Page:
Scalability and Layer 2

Escalabilidad y Layer 2

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There are currently numerous Blockchains with their advantages and disadvantages: some are more decentralized but expensive, others have a lower cost but a higher level of centralization. Each of them has a native token that allows to pay for the different transactions that are made and whose standard for issuing tokens determines that they can only be used exclusively in its network.

So, how is it possible to transfer native tokens between networks to make use of the low costs offered by another network?

This is possible thanks to the use of BRIDGES and wrapped tokens. Bridges are smart contracts that are deployed on one chain and connect to the smart contract of another.

The first contract takes the native token, blocks it to remove it from circulation on the chain and the second contract issues its equivalent on the other network by means of a wrapped token, which functions as a kind of proof of holding, since they are anchored to the value of the represented token.

What about Sidechains?

Sidechains, on the other hand, are lateral chains whose function is to improve the performance of the main chain by decongesting the network and freeing the processing capacity of layer 1. It should be noted that Sidechains are themselves Blockchains that operate autonomously. Although they support chain 1, they have their own security protocols and validators and everything that happens in the Sidechain is stored in it (e.g. Polygon).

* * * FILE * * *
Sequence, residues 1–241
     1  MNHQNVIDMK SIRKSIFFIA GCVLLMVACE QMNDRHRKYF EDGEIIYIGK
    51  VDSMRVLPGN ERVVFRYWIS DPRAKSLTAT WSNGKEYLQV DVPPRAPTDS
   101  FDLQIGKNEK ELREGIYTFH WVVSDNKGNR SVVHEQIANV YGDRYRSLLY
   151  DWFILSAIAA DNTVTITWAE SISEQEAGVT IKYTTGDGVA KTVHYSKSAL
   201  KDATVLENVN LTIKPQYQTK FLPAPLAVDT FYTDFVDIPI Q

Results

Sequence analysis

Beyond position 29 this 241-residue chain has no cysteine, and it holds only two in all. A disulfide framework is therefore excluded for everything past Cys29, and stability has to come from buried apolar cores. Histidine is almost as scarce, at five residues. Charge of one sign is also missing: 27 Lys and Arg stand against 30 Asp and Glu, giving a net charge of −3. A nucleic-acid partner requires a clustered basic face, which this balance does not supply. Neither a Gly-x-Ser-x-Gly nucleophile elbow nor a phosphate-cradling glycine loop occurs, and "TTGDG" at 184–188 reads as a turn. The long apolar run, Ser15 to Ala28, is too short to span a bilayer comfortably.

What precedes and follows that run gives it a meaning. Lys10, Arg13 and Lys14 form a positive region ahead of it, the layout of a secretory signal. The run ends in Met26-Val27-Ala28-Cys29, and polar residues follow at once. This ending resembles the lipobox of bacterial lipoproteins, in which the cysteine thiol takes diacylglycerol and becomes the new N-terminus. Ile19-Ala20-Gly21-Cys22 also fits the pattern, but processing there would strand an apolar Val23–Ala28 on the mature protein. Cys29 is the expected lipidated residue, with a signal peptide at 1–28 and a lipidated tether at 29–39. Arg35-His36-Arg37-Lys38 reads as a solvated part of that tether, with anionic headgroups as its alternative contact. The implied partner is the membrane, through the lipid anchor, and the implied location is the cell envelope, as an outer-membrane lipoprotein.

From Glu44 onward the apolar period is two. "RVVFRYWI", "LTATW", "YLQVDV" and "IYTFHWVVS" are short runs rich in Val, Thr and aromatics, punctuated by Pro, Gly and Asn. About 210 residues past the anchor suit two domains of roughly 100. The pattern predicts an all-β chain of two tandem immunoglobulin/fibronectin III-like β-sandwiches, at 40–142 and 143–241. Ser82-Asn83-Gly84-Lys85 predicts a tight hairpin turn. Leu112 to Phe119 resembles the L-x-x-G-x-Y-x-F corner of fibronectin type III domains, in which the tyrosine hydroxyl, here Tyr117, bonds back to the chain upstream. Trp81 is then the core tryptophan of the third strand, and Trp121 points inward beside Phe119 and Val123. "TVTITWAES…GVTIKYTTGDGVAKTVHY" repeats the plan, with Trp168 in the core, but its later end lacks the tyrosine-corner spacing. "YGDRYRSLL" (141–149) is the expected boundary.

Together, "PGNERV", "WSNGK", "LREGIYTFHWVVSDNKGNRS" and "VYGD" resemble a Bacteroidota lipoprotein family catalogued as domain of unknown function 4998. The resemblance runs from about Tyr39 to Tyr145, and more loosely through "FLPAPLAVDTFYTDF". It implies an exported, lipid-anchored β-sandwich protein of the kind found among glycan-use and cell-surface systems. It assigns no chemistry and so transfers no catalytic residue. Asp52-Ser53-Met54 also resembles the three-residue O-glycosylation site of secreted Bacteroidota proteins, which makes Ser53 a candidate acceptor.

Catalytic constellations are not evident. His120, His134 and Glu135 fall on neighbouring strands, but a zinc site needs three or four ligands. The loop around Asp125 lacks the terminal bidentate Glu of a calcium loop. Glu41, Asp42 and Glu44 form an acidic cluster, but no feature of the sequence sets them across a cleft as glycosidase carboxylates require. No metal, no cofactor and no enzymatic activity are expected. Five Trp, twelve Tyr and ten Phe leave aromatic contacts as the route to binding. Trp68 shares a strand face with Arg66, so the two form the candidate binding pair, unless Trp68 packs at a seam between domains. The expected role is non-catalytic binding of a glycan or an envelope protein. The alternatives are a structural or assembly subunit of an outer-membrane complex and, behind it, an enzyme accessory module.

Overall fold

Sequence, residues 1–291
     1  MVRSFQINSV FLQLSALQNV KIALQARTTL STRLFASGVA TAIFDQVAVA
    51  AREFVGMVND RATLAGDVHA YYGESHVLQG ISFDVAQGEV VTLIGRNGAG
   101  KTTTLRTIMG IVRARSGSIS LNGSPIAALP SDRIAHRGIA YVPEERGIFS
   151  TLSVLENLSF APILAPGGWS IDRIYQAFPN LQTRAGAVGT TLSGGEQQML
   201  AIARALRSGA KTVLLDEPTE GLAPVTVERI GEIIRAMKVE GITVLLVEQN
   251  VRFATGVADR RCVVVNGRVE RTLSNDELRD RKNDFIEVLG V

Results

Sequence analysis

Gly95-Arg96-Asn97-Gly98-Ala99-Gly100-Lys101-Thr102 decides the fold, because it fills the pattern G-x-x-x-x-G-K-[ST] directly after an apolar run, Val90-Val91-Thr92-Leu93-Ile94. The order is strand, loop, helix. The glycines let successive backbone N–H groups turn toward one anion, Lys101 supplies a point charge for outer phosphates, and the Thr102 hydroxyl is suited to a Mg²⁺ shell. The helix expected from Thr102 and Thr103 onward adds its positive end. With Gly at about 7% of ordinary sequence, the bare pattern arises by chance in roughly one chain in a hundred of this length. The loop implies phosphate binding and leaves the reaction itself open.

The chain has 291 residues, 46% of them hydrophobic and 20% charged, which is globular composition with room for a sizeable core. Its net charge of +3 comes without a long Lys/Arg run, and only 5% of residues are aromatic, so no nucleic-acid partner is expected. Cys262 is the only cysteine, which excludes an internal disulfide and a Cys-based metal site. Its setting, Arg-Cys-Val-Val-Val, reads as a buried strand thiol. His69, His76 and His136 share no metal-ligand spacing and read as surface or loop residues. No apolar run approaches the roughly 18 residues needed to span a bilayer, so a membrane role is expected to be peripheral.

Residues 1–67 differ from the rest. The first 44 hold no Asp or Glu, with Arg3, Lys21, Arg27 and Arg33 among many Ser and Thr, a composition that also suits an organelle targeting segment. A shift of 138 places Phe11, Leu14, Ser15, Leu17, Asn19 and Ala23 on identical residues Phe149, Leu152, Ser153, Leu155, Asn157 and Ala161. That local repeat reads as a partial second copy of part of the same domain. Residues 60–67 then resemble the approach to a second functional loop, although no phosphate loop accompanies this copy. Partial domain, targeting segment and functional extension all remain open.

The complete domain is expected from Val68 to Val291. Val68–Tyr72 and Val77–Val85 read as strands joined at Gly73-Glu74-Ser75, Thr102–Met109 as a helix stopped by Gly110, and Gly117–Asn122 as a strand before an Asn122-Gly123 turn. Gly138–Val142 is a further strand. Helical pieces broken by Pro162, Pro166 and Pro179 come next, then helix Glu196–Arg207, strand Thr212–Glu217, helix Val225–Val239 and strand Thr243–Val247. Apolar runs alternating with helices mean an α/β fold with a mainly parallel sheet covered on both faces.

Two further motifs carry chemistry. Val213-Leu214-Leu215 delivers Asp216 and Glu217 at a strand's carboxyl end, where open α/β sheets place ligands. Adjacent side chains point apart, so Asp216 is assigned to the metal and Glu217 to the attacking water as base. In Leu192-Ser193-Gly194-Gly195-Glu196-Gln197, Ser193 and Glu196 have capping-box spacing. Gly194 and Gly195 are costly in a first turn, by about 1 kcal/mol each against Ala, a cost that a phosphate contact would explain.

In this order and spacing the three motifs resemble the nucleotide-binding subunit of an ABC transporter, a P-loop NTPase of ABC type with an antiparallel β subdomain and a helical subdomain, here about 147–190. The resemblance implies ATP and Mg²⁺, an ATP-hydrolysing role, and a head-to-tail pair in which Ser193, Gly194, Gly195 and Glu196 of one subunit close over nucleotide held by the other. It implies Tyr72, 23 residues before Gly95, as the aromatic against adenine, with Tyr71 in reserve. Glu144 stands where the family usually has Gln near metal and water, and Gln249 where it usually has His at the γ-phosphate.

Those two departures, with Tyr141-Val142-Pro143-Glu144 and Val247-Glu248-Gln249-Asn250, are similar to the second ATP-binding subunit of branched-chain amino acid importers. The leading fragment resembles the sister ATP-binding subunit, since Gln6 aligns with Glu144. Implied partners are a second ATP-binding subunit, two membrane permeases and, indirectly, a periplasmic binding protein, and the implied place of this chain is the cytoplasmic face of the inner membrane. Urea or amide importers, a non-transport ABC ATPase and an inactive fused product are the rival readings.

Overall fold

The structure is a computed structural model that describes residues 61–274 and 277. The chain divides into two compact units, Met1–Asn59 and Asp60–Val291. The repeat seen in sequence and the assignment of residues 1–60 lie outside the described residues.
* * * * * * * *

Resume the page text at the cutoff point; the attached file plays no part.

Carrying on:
L2 or Layer 2


There are 3 categories of L2:
1) Plasma Chain
2) State Channels
3) Rollups

Both, Plasma Chain and State Channels, are becoming obsolete as the biggest advances are in Rollups.
Currently Ethereum is the network where Rollups are most implemented, as it has moments of high activity generating congestion and increasing transaction costs.

But how do rollups work?

They work in a similar way to sidechains since they carry part of the processing of layer 1 offchain. The most important difference is that once the rollup processes, compresses and generates the batch of information, it sends it back to layer 1 for validation and storage using the security of the main network.

Within the rollups we have two different solutions:

Optimistic Rollup: it needs a smart contract that acts as a bridge to send tokens to the rollup. By means of a sequencer, the transactions are processed until enough are accumulated to generate a batch or lot and sent to layer 1 for validation. There is a period of 7 days in which the transaction is not confirmed in layer 1 because first a validator is in charge of reviewing the batch of information sent by the sequencer. In case of validation, the transactions are processed and follow their normal course. But if it finds any transaction that is not correct, it presents a fraud test to layer 1. Both the sequencer and the validator must leave collateral as an incentive to avoid bad actors in the flow.

ZK Rollup: its operation is similar to Optimistic in terms of the use of a smart contract in layer 1 and transaction processing in the rollup. The difference is that instead of presenting a proof of fraud, it uses a proof of validity through ZK-Snark technology, allowing layer 1 to validate at the moment the information is presented and avoiding waiting.

Optimistic: Ethereum High level Architecture
Source: Optimism Community

In summary

Now that we know the differences between Bridges, Sidechains and Rollups, we can understand the benefits of each of these scalability solutions allowing us to decide which one fits our needs when executing a transaction.

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